A new report completed by Quality Meat Scotland (QMS) has shown that Scotland’s red meat supply chain contributes a vital £2.8 billion to the Scottish economy
Between 36% and 38% of Scottish agricultural output over the last five years was from red meat production. Sarah Millar, QMS’s Chief Executive, said: “This report is vital to understanding the red meat supply chain in Scotland’s total – as well as it’s rural economy. Red meat is fundamental to Scotland’s agri-food sector, with an annual economic output of an estimated £2.8bn, up over 16 per cent from £2.4bn in 2016.”
Red meat output accounts for 36% of Scottish farming output, with on-farm output up by more than £100m to £1.27bn since 2016. Meat processing contributes £885m, £361m comes from core supply trading and a further £225m comes from other farm supplies.
The importance of maximising livestock output is highlighted within the report: “There is opportunity to retain more value from the red meat chain if more Scottish livestock were processed in Scotland, but this requires the whole chain to work together to build the opportunities in a number of ways – as we outlined in QMS’s five-year strategy at this year’s Royal Highland Show. It’s vital that we all shout loud and proud about our meat’s provenance, quality, and the heritage of our Scotch red meat to develop an increase in domestic supply contracts as well as export opportunities, hand in hand with ensuring that there is sufficient abattoir capacity to process the increased throughput.”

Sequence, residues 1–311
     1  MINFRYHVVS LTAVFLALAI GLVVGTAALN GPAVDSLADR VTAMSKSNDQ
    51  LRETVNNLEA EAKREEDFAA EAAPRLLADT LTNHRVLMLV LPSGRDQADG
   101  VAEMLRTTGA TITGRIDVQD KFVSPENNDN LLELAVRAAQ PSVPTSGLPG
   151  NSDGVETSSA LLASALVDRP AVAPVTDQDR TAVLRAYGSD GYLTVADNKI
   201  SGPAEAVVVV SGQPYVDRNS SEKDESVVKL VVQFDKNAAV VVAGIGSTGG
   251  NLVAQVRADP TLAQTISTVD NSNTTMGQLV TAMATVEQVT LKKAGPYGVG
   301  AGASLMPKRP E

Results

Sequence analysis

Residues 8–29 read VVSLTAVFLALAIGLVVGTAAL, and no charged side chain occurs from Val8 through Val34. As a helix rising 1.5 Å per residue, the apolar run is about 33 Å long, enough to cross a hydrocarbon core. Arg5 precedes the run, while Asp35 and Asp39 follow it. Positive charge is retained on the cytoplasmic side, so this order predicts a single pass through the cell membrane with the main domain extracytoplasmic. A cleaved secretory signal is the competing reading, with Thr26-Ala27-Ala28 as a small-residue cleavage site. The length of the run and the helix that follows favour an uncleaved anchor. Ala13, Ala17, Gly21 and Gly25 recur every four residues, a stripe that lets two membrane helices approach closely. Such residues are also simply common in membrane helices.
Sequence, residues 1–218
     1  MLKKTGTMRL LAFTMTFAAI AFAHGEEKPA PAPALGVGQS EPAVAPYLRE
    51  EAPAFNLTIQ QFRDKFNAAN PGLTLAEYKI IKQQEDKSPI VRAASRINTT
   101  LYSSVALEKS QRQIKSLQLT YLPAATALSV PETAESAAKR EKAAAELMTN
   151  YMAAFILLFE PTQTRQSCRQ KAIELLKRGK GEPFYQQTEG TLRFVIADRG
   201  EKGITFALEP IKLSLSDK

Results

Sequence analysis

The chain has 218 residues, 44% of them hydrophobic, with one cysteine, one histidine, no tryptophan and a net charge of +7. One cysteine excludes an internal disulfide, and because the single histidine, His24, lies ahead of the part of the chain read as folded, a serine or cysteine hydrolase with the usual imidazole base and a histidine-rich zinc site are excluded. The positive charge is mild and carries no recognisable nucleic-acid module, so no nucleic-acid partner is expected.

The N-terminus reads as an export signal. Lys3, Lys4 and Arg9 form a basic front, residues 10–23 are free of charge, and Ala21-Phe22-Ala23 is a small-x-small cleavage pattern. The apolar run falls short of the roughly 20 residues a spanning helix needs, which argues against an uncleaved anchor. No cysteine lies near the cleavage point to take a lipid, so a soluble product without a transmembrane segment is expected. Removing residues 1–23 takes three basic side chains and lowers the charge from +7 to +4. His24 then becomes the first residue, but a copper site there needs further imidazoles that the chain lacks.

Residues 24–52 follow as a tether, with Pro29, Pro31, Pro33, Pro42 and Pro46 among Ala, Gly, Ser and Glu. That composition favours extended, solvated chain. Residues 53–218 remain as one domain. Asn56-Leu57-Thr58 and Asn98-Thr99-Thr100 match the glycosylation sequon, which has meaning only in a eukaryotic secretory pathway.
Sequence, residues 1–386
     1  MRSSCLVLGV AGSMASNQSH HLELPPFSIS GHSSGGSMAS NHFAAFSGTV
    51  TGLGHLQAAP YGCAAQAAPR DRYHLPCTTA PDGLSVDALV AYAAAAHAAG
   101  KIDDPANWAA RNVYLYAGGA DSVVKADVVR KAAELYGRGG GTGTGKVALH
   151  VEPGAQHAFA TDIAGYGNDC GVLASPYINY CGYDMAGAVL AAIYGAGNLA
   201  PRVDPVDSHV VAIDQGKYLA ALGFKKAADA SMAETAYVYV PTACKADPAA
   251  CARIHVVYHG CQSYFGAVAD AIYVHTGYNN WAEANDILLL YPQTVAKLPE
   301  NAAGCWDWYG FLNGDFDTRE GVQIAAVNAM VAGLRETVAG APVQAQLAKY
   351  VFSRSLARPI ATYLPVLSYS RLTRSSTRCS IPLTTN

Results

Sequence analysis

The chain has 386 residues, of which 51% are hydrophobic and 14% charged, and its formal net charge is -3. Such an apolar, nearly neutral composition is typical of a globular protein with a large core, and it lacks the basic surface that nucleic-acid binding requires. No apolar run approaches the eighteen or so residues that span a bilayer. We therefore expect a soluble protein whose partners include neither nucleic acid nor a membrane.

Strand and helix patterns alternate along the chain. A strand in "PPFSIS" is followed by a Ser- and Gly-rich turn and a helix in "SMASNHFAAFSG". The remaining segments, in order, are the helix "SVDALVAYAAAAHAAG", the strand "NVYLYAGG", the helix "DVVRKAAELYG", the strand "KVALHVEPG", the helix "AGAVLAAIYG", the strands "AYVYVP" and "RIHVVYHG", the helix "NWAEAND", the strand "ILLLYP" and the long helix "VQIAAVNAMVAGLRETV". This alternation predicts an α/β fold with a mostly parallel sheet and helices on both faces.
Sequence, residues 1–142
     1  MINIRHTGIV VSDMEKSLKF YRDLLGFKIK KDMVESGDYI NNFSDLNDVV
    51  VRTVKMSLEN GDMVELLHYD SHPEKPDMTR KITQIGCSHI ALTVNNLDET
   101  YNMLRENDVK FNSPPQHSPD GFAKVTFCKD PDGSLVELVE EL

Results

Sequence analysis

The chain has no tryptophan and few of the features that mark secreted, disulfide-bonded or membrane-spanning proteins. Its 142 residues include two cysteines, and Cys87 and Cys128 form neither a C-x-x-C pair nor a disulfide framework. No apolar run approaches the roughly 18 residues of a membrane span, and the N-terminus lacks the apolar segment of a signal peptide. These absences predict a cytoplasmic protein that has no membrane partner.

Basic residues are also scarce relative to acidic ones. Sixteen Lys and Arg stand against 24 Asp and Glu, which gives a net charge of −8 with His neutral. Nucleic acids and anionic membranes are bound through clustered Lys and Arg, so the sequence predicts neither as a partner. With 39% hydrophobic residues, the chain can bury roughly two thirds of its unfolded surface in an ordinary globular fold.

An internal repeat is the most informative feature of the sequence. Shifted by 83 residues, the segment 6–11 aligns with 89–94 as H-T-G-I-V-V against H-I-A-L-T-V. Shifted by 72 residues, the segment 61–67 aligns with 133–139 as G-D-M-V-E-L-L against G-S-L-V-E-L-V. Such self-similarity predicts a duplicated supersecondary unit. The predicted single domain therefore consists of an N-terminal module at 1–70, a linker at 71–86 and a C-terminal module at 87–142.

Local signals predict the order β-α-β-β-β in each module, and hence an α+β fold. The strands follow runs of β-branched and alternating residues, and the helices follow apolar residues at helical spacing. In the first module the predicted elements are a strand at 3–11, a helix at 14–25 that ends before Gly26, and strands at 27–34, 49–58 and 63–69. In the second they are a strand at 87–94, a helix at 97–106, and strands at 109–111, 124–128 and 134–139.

The report also shares data about employment in the sector, with 39,000 jobs being sustained through the red meat supply chain. 80% (31,200) of those roles are on farm, 3,880 in meat processing, 2,000 in the core supplies industry and 2,200 employed in other supplies to the sector.
Mr Millar said: “Livestock farming is so important to the fabric of our rural economies, supporting both hired and family labour, in full-time and in part-time roles, and in-turn other local businesses in rural and remote places.
“What’s also important to note is that, when you add in the further processing of red meat into cooked foods and food service, for example, the total employment contribution of the red meat sector is even greater.”
Also highlighted within the report is the importance of the industry to rural areas. Ms Millar said: “The farms and crofts that produce store lambs and cattle underpin economic activity in much of Scotland, and importantly, the hills and islands of the north and west. Without crofting and hill farms, there would be increased depopulation and the hollowing out of remote communities.”
Rural Affairs Secretary Mairi Gougeon said: “This report highlights the continued importance of the red meat supply chain both to Scotland’s economy as well as our rural communities. Improvements in on-farm efficiency as well as work to further build the brand and reputation of our nation’s iconic meats have led to a marked increase in value of the sector. This is down to the diligence and hard work of farmers, crofters and all those who work in the wider supply chain.”
The full report can be accessed here.